If a patient visits their GP due to unexplained weight loss, abdominal pain, or loss of appetite, it can be difficult to pinpoint the cause of the problem. A patient might be referred for different tests or scans, which can be time-consuming and delay a possible cancer diagnosis.
To further complicate this issue, we now have a backlog of cancer diagnoses due to the pandemic. Many of these diagnoses will be from patients who are not displaying so-called ‘red flag symptoms’. Now more than ever, clinicians need a solution to help their patients receive a correct diagnosis, as quickly as possible.
Clearly, this has been near the top of the NHS ‘to-do list’ because new Rapid Diagnostic Centres (RDC) are currently being launched across England. The aim of the RDCs is to expedite a diagnosis for patients with suspicious or vague signs of cancer. This gives patients the opportunity to benefit from early detection and a timely referral for necessary treatments.
The newest centres have been launched by the Barking, Havering and Redbridge University Hospitals NHS Trust which will operate at both Queen’s and King George hospitals.
“The RDC is unique, as unlike site specific pathways where patients who are not found to have a diagnosis of cancer are referred back to their GP, patients are managed to a diagnostic outcome, with a referral onto the relevant specialist service.” Jo Johnson, an RDC Strategy and Operations Manager explained.
“By providing this service, we hope to reduce the burden on the site-specific pathways by reducing inappropriate referrals. This will mean we are able to reduce multiple hospital attendances and ensure they are given timely targeted treatment.” He added.
Waiting for a cancer diagnosis can also be anxiety inducing. A faster diagnosis will not only increase the likelihood of successful treatment but will also relieve patients of stressful and anxious thoughts.
Luigi De Michele, an RDC consultant, knows this first-hand: “Many of our patients are highly anxious and have a number of problems that are impacting their quality of life and wellbeing.
This has a specific focus on patient experience and the quality of care. Patients are contacted as soon as we receive the referral to be introduced to their care team, who explain the process, and ensure they have all the information and support they need to attend their appointments and tests.
We treat the whole person and support them throughout their diagnostic journey, keeping their GP fully informed at all times, which improves communication and enhances their support in the community.”
For a patient to be referred to an RDC, GPs are following these guidelines:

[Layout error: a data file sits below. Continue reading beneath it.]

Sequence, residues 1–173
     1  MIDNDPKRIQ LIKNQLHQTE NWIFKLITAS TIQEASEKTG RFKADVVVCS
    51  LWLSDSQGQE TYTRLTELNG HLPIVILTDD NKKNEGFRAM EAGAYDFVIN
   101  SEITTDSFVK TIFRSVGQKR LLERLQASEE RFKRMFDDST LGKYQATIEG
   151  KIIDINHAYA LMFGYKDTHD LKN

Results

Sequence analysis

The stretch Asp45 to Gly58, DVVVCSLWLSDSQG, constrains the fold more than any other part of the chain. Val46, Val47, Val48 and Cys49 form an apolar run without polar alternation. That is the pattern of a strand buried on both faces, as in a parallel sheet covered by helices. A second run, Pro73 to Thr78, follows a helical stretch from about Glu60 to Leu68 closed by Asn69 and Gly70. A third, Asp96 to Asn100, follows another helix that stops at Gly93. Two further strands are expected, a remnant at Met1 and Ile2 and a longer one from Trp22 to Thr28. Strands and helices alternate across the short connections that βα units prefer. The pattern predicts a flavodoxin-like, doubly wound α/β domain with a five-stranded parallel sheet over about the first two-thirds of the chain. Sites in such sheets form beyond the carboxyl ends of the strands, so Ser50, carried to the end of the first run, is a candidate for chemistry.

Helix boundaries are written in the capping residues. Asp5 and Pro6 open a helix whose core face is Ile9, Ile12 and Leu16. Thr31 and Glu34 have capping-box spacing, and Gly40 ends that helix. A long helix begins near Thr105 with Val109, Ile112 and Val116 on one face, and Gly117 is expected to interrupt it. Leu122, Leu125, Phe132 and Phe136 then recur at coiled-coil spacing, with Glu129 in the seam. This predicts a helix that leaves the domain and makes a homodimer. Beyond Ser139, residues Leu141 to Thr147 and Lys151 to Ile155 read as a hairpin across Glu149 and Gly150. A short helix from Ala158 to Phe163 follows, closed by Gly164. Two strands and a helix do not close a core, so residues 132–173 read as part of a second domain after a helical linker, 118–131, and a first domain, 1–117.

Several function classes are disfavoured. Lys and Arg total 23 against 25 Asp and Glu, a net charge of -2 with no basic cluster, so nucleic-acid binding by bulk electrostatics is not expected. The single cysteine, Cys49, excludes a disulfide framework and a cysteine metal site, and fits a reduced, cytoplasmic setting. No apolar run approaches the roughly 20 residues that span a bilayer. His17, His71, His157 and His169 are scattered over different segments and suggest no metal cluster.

- GP ‘gut feeling’ of cancer diagnosis – reasons to be clearly described at referral
- New unexplained and unintentional weight loss
- New unexplained constitutional symptoms of four weeks or more (less if very significant concern). Symptoms include loss of appetite, fatigue, nausea, malaise, bloating
- New unexplained vague abdominal pain of four weeks or more (less if very significant concern)
- Unexplained new or progressive pain including bone pain, of four weeks or more
Even before the pandemic, speeding up cancer diagnoses was a main part of the NHS Long Term Plan. The first RDC was launched in December 2016 at Guy’s Hospital, to achieve higher cancer survival rates. All patients referred to Guy’s RDC were evaluated from the opening date to June 2019 to assess the effectiveness of the service. Out of 1,341 patients, cancer was diagnosed in 7% of patients and serious non-cancer conditions were found in 36% – which justified the centre’s tailored approach of seeing patients with vague symptoms. Usually, the approach for early diagnosis is the Two-Week Wait (2WW) referral. However, this is based solely on ‘red flag symptoms’ which only half of cancer patients ever develop, and less than a quarter are diagnosed by these symptoms.
At RMDM, we are overjoyed that new RDCs are being launched and more people will benefit from early detection. But to successfully overcome the cancer backlog, we must continue to create the most effective path to detect as many early cancer cases as possible. Having the PanTum Detect test as a first point of information at an RDC or in a primary care setting would be a helpful step along that path. PanTum Detect is a simple blood draw which can detect all cancers with a sensitivity of 97.5% and can rule out healthy individuals with 99.05% specificity. This could allow healthcare workers at the RDC to easily know if a patient’s symptoms are cancer-related or due to a different condition.
The pandemic has forced the world of healthcare to step up and commit to improving the diagnostic infrastructure. Now is the time to invest in a cancer pathway which is innovative and effective. A pathway that not only benefits those affected by the pandemic, but also future generations.
If you would like to partner with RMDM or find out more about PanTum Detect, please get in touch via our contact form.